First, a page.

So that completes the unit.  I have more Khorne forces that will go into the queue just as soon as we get some suitable weather here in the Santa Cruz mountains for priming.  In the meantime I might do a test paint on a primed deamonette I’ve had sitting around for a couple of years.

khorne20bullet20point20graphic2002_zpsh7cfhuus

Bloodletters

Like many people, I imagine, I’ve been working on some daemonkin.  I’m a fairly deliberate (slow) painter so this edition they’ll probably be used as allies.  Troops seem a good starting point for an army collection so I began with some bloodletters.

A triumvirate chosen pretty much at random as befits Chaos Daemons.

I messed around with various schemes for their horns and blades and for the latter opted for a plain look, for which I used Vallejo’s glossy black paint.  I experimented with blade highlights, but in the end decided I liked them best just black with a bit of shine.  The primer didn’t quite look right in a couple of small sections on some their swords, but I was able to camouflage this pretty well, I think, with Blood for the Blood God technical paint.  (I love that stuff!)

Here are two more — the bloodreaper upgrade character for the unit and a daemon with an instrument of chaos.  I found that I liked using gloss lacquer on their tongues, so I went back over the models I had already completed and added that detail.

The World War Two Soviet infantryman is a 28mm metal Warlord Games piece.  I included him for scale and because I finished him not too long ago.  Playing with the miniatures, one forgets sometimes how big some of these monsters would really be until you put them beside a miniature of an average-sized man and use a bit of imagination.  Heck, the horn is larger than poor Pyotr here!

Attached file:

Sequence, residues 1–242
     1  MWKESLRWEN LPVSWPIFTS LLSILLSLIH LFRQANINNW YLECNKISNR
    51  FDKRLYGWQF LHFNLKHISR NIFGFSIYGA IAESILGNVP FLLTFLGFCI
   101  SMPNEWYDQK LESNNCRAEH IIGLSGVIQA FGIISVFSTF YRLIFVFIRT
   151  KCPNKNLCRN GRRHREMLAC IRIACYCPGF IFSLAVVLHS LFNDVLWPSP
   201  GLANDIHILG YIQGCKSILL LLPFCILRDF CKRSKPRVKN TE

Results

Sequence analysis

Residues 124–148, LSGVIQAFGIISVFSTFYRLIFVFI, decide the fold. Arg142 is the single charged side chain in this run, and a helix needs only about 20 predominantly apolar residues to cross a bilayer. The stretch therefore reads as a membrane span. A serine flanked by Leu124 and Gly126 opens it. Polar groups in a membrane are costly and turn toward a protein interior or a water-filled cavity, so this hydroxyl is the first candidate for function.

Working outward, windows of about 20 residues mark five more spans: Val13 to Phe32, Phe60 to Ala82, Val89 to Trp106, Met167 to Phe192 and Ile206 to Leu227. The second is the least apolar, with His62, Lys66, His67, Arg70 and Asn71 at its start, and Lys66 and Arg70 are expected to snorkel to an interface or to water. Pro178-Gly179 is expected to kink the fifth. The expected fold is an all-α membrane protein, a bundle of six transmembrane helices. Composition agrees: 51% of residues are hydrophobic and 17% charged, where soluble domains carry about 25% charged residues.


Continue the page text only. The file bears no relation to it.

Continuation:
Two more with their best bud, Pyotr, from the Alternate Dimensional Soviet Union.

So far I have nine bloodletters finished, which means to complete the box and the unit I only need to finish one more with a banner.  When I run them as a unit of daemonkin bloodletters I’ll probably keep them cheap and use a minimum squad of eight without upgrades.  So in that sense they are done now.  However both in Codex: Khorne Daemonkin and the base rules referring to chaos daemons, one can take some of the possible upgrades for free when a unit is summoned, assuming you have the models on hand.  So I thought I’d make sure I did. 🙂

The pack thus far excluding the two taking the selfie with Pyotr.

My next daemon project after getting the Banner of Blood done will probably be a resin Herald of Khorne I have for a cheap HQ. I could just as easily use the bloodreaper that is posing with Private Pyotr as a herald.  Since I have the herald model though, I might as well paint him.

I had a chance last night to play my small but painted Khorne force as an allied detachment and they did pretty well.  I considered waiting until August 8th (a very auspicious date for the Blood God!) but more than three weeks is far too long to keep the dog-headed god waiting for his tally of skulls.

What better place to materialize?  Let the tally of blood points begin!

They deep struck into the battle with pinpoint accuracy right in the middle of a Shrine to Khorne, but then you’d expect nothing less would you?  The daemons spread out, seeking victims only to be greeted by a withering barrage of tank and autocannon fire.  Only the herald survived and him with one arm.  He clamored up a short plateau, coming to grips with the Guard heavy weapon team. His preternatural reflexes did him little good though what with the rough terrain and the claymore-style mine booby traps, rock falls, and one particularly vicious guardsman with a serrated knife. Still, it was alright because of course “Khorne cares not from whence the blood flows so long as it flows.”